Three Reasons Having An Ethics/Compliance Officer Can Be A Truly Bad Idea

Ethics and compliance are obviously deeply intertwined so it makes complete conceptual sense to have an ethics/compliance officer. One stop shopping. Instant and automatic integration between ethics and compliance. It’s really pretty much of a conceptual slam-dunk no-brainer part of the path to integrity and accountability.

Some things, however, are far better in theory than in practice…

In my experience, the title of ethics/compliance officer is actually troublingly misleading and here’s why:

  • In most organizations requiring a compliance officer, there is already a full-time job (or two or three) in doing the compliance work alone. Since, also in most organizations, compliance is where the real gravity is to be found, these folks – no matter how terrific their intentions – quickly become defacto compliance officers with the ethics portion of the job taking a persistently minimal back seat at most.
  • No matter how related ethics and compliance are, they are still different practices with different strategies and tactics needed to fulfill their respective promises. It would take far more focus and training – not to speak of time – than most folks are afforded to really be able to serve both masters well. To really do either job, one pretty much has to ‘pick a lane’ and keep their focus there; trying to do both with any reasonable level of skill is a task beyond most mere mortals. And yet, calling someone an “ethics/compliance officer” suggests that they are, in fact, responsible for equally covering both sides of this highly complicated coin.

Here’s another way to think about this one… Manufacturing and sales are also highly intertwined yet I’m guessing not many organizations have a “VP for Manufacturing and Sales.” Just because two functions are highly related – or even inter-related – doesn’t mean it is therefore sensible to combine them.

  • A significant percentage of ethics/compliance officers are attorneys and, by their training, are more oriented towards the compliance side of the equation. This pre-selection frequently, in itself, skews the ethics/compliance officer’s attention towards compliance. (Before the flames start, let me be clear. This is not some subtle dig on the ethics of attorneys. I am simply saying that attorneys’ training, by its very nature, tends to be more oriented towards compliance. Add to that the above-mentioned gravity of compliance in most organizations and these folks are likely to be swimming upstream hard when it comes to attending to ethics nearly as much as to compliance.)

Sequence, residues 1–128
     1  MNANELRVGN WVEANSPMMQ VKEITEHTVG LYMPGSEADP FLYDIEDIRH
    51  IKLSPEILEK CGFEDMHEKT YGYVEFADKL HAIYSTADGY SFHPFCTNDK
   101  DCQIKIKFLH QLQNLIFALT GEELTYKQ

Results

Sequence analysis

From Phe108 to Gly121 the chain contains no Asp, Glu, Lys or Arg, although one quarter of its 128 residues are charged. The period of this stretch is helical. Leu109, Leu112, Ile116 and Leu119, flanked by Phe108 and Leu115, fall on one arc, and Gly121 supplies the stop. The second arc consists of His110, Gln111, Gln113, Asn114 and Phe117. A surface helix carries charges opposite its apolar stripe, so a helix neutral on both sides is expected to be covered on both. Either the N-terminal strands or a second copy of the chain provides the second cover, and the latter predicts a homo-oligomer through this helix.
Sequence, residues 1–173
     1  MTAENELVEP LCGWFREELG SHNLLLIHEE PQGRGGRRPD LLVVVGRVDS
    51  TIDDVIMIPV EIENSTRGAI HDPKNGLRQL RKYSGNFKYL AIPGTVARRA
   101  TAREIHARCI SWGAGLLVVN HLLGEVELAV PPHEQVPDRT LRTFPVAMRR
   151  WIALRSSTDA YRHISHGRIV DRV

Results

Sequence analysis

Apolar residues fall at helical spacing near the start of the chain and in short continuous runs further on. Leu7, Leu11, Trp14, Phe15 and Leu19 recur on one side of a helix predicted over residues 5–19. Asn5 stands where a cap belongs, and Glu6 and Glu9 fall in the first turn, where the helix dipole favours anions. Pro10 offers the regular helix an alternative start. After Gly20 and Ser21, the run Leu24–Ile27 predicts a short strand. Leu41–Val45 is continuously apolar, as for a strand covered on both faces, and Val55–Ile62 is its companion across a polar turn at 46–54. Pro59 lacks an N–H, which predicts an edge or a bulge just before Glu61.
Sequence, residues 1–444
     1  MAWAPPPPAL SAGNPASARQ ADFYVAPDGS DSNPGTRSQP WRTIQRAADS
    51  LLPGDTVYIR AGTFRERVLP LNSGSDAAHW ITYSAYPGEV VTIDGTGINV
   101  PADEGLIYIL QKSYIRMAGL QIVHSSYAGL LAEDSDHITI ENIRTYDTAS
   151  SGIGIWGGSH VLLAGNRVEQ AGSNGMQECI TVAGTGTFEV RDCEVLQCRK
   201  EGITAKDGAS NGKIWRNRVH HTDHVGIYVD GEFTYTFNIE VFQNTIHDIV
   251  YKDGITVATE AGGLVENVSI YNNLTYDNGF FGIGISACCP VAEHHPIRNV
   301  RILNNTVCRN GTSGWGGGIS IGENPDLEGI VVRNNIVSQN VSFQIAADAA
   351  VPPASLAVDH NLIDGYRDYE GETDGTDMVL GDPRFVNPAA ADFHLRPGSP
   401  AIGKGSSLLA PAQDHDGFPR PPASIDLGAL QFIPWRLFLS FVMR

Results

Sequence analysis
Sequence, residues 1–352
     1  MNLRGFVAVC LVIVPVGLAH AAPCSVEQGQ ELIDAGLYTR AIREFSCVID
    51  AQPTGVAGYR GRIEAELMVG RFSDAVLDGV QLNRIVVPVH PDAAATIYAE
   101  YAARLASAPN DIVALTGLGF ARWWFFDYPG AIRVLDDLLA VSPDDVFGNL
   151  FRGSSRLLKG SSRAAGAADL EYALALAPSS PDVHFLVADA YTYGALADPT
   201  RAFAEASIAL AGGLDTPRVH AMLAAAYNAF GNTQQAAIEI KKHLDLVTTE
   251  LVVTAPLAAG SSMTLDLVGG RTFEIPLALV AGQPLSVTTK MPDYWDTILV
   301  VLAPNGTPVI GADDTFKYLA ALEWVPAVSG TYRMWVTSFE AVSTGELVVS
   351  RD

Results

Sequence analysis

Want to make a solid case to both your employees and your customers that you take ethics seriously? Put someone in charge of ethics – and ethics alone – and then give them the necessary authority and resources to both investigate and intervene as needed. They will certainly need to work in concert with your compliance office. However, at that point both your compliance office and your ethics office, collectively, will be able to do their respective jobs as they actually need to be done. In fact, it wouldn’t surprise me if the proverbial whole is greater than the sum of the parts.

Will having a separate ethics and compliance officer look less efficient to some folks? No doubt and, in fact, I would say that it’s likely to look less efficient, especially when viewed solely via some spreadsheet detached from the actual demands of day-to-day ethics and compliance challenges. I would also suggest, though, that running a tight ship both on the ethics and compliance side will, in all likelihood, pay for itself many, many times over. Having one person provide both functions, however, is simply not likely to get you there.

Admittedly, maybe you’re one of the people or the one of companies who can really pull the ethics/compliance officer job off. I’ve certainly seen it happen. Often, though? No. Very no.

So, is having an ethics/compliance officer as good in the real world as in theory? You know my thoughts. I’d love to hear yours.

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